In her remarks, Beth Chandler spoke about the false belief that Massachusetts is so liberal that the state has solved issues of equity. However, she stated, that is just a way for the state to “pat itself on the back.” Grace Sterling-Stowell echoed her sentiments, stating that she hears people asking if we even need LGBTQ-oriented organizations even more. However, the above statistic on LGBTQ suicide and the fact that LGBTQ youth are 120% more likely to experience homelessness beg to differ. Instead of reducing the number of resources available, the panelists spoke of the many ways they seek to partner with other sectors to address LGBTQ-specific issues.

Gary Bailey, for instance, is working on his church council to help the church determine how to be more inclusive as their relationship with LGBTQ communities evolves. Marty Martinez spoke of working with a number of other city offices to end youth homelessness, because the Health and Human Services sector cannot end it alone. Sterling-Stowell spoke of BAGLY’s partnership with the Boston Children’s Hospital to increase access to mental health services for LGBTQ youth. You don’t have to be the leader of an organization to work to address LGBTQ-specific issues, though. As Beth Chandler told an audience member who hopes to improve LGBTQ inclusion in their workplace, you can always find a way to move the needle forward. She recommended reaching out to your Human Resources department to start a conversation about how diversity and inclusion helps advance all workplaces.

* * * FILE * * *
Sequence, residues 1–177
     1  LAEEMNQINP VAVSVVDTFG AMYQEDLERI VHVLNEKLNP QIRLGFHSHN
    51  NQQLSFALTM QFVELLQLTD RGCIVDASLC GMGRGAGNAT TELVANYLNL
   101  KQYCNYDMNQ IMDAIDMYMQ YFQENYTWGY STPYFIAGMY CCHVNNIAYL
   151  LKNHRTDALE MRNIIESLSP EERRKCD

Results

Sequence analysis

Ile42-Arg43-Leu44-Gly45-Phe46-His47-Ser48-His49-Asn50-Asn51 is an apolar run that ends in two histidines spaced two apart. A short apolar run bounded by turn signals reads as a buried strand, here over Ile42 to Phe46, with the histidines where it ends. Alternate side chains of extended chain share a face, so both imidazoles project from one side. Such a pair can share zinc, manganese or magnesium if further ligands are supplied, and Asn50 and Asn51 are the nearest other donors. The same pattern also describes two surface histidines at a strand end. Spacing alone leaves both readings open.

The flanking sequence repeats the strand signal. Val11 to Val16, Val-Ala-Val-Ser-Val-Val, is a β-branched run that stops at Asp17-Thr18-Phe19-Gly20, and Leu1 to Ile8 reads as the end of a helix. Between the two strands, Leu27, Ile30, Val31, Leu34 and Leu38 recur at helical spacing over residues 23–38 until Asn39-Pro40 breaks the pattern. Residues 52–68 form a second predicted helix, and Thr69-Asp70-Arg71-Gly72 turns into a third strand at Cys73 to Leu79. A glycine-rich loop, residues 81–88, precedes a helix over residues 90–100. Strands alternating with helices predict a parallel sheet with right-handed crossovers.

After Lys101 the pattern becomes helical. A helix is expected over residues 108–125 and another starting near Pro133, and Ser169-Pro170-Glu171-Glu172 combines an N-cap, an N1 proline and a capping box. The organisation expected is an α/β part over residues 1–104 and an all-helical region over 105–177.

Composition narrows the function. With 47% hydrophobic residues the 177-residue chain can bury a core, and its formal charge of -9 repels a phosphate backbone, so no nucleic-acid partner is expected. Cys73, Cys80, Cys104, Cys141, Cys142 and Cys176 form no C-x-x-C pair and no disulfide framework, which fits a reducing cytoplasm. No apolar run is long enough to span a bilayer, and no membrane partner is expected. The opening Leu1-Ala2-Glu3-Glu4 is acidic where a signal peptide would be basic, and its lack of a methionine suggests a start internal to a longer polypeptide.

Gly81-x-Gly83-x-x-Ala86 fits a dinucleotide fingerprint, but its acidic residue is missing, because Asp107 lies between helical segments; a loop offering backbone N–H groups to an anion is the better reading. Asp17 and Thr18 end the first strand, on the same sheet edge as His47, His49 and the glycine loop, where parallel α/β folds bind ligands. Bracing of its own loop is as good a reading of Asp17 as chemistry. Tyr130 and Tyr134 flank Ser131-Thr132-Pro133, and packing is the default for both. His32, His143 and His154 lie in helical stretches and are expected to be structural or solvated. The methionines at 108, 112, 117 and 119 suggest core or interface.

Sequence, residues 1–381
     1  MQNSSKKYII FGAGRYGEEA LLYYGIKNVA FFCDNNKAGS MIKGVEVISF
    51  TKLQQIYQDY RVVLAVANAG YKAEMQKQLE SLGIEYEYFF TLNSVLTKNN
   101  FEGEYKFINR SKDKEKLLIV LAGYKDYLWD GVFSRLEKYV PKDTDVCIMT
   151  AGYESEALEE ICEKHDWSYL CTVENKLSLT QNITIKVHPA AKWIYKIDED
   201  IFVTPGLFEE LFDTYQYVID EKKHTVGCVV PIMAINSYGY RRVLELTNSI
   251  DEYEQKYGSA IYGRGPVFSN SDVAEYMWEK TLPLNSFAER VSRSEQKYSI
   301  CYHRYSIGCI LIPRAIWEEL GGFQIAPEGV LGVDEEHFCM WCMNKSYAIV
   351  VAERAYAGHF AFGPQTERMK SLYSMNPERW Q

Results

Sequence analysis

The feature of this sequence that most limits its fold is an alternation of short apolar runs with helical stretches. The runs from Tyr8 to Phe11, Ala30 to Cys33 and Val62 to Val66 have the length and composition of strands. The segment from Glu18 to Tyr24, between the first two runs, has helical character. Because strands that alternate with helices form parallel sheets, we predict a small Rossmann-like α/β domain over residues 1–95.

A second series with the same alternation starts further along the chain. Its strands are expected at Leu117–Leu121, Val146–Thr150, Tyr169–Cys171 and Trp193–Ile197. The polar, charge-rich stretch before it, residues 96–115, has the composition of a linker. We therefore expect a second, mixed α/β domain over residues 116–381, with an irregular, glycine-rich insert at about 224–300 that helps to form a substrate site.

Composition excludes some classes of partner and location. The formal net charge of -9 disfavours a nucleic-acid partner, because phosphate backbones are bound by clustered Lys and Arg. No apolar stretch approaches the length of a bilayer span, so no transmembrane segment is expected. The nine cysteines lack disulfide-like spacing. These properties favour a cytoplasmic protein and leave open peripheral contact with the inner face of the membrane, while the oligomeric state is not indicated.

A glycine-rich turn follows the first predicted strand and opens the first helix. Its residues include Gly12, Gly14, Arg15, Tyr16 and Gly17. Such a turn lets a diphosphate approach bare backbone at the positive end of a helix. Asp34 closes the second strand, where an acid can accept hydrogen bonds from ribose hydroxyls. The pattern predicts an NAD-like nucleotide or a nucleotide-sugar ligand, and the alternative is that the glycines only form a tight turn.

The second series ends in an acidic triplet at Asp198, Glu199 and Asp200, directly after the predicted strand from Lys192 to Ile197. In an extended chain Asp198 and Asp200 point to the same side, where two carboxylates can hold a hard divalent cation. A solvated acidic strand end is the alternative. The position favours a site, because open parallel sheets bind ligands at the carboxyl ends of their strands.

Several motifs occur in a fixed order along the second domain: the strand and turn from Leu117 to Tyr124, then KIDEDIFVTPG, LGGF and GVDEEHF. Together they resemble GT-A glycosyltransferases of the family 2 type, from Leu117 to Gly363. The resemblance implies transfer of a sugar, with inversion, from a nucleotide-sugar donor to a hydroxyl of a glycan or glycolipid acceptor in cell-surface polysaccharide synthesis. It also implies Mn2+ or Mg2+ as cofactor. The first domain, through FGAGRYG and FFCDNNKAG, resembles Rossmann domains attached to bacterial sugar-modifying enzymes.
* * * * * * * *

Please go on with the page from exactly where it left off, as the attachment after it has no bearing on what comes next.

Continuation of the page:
About YW Boston

As the first YWCA in the nation, YW Boston has been at the forefront of advancing equity for over 150 years. Through our DE&I services—InclusionBoston and LeadBoston—as well as our advocacy work and youth programming, we help individuals and organizations change policies, practices, attitudes, and behaviors with a goal of creating more inclusive environments where women, people of color, and especially women of color can succeed.